Today Hu-manity.co announced the launch of its mobile My31 App which is built using IBM’s Blockchain. The app won’t store the health data but will allow people to control the use of their health data.
The name of the app is a nod to the Universal Declaration of Human Rights which consists of thirty rights.
The aim is to build a marketplace for data, which the startup estimates will be worth $150-200 billion annually. The announcement said: “through features like immutability and decentralization, blockchain makes it possible for organizations and individuals to interact in a more transparent manner.”
Richie Etwaru, CEO at Hu-manity.co said: “People will enjoy greater levels of security, privacy, and control while corporations will be able to lawfully benefit from access to higher quality data that has the explicit consent and authorization of its rightful owner.”
To take control over health data, it’s important for individuals to have a digital identity. The Sovrin Network is one of the leading identity networks, and its technology is now part of Hyperledger Indy. Hu-manity.co plans to collaborate with IBM to integrate the identity network with the Hu-manity.co ecosystem.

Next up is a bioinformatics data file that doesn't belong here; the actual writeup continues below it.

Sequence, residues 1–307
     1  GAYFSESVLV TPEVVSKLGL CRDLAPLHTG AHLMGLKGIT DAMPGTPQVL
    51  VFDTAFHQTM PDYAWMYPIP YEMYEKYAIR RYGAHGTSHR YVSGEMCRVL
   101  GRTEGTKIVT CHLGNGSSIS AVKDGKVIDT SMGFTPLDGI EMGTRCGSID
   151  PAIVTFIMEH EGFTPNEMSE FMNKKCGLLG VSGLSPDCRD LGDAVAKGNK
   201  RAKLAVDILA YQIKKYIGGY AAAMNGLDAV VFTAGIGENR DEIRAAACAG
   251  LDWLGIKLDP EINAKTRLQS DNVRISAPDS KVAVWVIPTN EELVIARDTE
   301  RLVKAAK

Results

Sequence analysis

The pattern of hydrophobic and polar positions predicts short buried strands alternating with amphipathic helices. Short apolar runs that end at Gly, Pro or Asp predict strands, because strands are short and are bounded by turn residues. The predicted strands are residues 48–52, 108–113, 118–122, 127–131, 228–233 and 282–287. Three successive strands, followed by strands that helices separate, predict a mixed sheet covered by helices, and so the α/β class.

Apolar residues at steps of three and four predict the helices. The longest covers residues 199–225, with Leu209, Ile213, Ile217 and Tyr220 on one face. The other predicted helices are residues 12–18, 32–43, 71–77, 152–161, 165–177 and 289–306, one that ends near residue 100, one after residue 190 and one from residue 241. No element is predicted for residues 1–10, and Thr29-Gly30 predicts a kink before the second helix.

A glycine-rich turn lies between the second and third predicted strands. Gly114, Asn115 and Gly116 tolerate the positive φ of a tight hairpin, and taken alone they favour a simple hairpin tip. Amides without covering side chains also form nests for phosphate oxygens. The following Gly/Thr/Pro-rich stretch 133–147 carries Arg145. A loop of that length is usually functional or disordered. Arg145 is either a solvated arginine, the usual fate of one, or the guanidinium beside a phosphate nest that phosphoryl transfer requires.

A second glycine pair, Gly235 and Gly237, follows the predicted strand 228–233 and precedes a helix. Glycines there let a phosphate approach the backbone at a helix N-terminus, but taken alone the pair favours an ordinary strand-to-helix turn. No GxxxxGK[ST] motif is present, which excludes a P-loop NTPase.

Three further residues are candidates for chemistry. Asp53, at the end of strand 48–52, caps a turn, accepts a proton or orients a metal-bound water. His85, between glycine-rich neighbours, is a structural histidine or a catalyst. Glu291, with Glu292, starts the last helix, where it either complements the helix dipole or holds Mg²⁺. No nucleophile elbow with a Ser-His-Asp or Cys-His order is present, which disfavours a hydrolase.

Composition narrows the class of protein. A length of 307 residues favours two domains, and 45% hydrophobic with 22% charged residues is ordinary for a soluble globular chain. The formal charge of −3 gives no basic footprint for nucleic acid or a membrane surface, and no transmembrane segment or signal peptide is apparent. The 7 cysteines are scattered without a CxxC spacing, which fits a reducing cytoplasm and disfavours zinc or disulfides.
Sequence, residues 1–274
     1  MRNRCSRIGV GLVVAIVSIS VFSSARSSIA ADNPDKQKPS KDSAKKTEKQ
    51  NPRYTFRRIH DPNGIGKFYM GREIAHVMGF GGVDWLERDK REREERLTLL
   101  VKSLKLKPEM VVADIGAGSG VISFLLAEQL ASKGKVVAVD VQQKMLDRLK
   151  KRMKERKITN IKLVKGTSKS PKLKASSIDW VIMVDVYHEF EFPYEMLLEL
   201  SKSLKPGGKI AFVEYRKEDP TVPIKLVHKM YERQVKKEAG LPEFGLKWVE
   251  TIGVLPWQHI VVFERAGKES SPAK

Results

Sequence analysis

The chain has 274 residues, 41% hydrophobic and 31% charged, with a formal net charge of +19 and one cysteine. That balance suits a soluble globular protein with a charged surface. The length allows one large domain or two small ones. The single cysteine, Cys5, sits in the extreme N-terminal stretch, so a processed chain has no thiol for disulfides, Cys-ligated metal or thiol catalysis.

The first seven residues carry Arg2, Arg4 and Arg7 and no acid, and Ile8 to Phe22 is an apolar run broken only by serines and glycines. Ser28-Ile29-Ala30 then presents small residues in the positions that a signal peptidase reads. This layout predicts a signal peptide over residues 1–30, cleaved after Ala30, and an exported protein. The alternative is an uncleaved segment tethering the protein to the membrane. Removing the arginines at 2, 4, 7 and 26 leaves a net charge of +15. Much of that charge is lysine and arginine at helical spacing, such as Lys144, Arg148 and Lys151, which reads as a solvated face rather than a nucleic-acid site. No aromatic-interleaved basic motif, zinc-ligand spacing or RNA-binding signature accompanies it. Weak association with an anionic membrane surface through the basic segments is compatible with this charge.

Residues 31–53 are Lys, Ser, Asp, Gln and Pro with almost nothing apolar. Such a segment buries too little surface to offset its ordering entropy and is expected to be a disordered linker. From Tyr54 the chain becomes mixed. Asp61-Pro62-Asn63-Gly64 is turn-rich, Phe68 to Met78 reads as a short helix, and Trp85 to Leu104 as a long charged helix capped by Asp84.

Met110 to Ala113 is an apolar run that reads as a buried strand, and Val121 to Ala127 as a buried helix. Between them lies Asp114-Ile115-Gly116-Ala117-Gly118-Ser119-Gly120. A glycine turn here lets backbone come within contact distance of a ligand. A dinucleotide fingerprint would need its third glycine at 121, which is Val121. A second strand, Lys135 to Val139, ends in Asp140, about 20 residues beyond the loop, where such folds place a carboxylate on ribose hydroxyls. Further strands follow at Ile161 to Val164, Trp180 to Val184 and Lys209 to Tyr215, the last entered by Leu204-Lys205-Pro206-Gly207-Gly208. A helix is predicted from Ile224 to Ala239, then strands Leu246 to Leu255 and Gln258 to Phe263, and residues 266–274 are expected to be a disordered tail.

The new app is currently available on Android in the US. The enterprise version for businesses who want to partner with Hu-manity.co will be available in the first quarter of 2019.
Reasons for sharing
There are many reasons to share health data. And creating a marketplace for selling data is only one of them. Perhaps the most important purpose is to share data between health providers if say you get a referral to a specialist.
Last week a health data sharing network went live in Taiwan with a leading university using the “personal health record Operating System” or phrOS. In this case, the primary purpose was for referrals. Though this project also plans to enable a marketplace. Additionally, in Taiwan, most private patients pay for treatments themselves and then reclaim from insurers. Sharing data with insurers can speed up the process.
In addition to sharing Electronic Health Records for research and clinical trials, there’s also the potential to share genomic information. One of the startups in this area is Nebula Genomics which recently closed a funding round.
Risks and standards
A major issue with sharing health data is what happens after it’s shared. Because there’s a risk it could then be stored and you lose control over it. The IEEE is working on technical standards for how to store this sort of health data. For example, it’s possible for a research lab to run tests on encrypted data without actually being able to access the underlying data.
There are other risks as well. If you pay someone for data will the financial incentive corrupt the value of the data? And sometimes non-monetary rewards can be a more powerful incentive. Perhaps there’s a research project that could possibly prevent a future illness that is prevalent in your family.
In Europe the Innovative Medicines Initiative (IMI) is planning a substantial health blockchain project. It’s inviting groups to collaborate and apply for funding.